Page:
ELEMENTS TO FOSTER FRIENDLY RELATIONSHIPS BETWEEN PORTS AND TOWNS: PHOTO ANALYSIS OVER BOUNDARIES AND OVER TIMES
Free (open access)
31 - 42
This paper aims to reveal what kinds of elements have been fostering friendly atmosphere between ports and towns. In 2003 Cabinet declared a policy to build up a tourism-based nation, saying that “Japan both good for living and good for visiting”. To find elements generating the friendly atmosphere of port towns is one of the key issues for the success of the policy because there are more than 1,000 ports in Japan. Ports are situated on the boundary where natural and cultural resources are rich. People’s mind for value has been shifting from material affluence to spiritual richness. However, it seems that ports are still left on the outskirts of people’s consciousness. Continuous efforts are needed to find ways to fully utilize our valuable resources. Photos of port towns of three countries are collected and analysed: Fiji, Japan and the UK. The author visited all the sites mentioned above by himself to examine and confirm. In addition, digital archives of museums and libraries constitute the major data resources of this study. The photos utilized in this study covered three centuries: 19th, 20th, 21th, and were examined to reveal what kinds of activities and facilities/equipment were focused and taken in the photos at ports, hinterland towns and beach areas. This study indicated that continuity of port related facilities and equipment set between a port and an immediate hinterland town fostered friendly atmosphere with each other. Lamps and railway sidings can be listed as examples of this category. In addition, it was found that time continuity in the form of heritage had played a major role to foster the friendly atmosphere between the two. These results show that both physical continuity and time continuity are important elements to be considered at the planning stage as well as design stage in port and town planning.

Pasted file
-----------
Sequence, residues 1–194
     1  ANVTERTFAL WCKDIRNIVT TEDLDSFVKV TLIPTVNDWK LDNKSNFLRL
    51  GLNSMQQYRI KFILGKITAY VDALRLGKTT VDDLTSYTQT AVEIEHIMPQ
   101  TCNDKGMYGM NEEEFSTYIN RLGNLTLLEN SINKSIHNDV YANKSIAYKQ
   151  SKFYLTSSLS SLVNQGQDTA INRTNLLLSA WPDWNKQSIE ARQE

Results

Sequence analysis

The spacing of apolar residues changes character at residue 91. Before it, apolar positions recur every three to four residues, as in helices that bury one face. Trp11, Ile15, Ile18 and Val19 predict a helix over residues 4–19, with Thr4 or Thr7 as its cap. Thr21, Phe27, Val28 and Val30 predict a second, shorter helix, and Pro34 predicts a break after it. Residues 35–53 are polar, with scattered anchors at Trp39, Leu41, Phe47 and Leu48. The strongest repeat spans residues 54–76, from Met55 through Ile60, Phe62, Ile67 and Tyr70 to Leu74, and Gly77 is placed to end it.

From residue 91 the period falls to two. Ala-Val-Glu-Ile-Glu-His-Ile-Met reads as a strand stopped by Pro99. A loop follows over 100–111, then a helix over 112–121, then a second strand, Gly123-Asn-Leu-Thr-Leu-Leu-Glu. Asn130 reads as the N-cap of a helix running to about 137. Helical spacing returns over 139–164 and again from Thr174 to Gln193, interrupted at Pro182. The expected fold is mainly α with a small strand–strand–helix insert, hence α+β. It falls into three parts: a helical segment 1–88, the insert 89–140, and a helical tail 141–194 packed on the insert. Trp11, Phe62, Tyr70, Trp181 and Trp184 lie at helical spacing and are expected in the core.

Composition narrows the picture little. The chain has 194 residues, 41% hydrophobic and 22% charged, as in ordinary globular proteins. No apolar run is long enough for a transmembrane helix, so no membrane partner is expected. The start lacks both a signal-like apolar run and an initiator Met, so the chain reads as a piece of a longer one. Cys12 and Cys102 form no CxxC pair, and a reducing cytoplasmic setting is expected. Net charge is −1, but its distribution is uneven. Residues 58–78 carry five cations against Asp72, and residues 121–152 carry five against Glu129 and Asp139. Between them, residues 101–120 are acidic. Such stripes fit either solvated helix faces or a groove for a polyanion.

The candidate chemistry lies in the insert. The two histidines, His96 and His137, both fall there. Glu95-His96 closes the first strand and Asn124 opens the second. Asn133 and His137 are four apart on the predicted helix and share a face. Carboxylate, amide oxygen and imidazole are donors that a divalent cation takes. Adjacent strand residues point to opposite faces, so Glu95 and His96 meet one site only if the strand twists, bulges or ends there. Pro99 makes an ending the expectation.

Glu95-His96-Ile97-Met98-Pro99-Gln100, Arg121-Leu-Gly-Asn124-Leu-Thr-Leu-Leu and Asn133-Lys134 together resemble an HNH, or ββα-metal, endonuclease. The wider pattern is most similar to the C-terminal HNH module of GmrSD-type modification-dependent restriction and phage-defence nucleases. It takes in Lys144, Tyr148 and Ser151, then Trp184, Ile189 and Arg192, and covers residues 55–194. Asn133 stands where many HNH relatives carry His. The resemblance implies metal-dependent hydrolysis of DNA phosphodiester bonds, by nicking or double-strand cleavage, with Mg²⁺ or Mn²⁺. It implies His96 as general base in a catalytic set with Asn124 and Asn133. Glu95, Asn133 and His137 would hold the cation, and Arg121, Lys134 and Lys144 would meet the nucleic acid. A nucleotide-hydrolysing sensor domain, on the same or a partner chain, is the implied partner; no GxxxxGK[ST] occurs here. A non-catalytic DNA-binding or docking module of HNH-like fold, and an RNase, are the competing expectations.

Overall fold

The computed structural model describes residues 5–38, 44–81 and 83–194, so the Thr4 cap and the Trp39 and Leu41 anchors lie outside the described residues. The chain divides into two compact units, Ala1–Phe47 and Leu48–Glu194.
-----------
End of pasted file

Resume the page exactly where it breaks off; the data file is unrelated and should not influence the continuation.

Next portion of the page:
heritage, continuity, harbour, lamp, sidings, photo, archive, Fiji, Japan, UK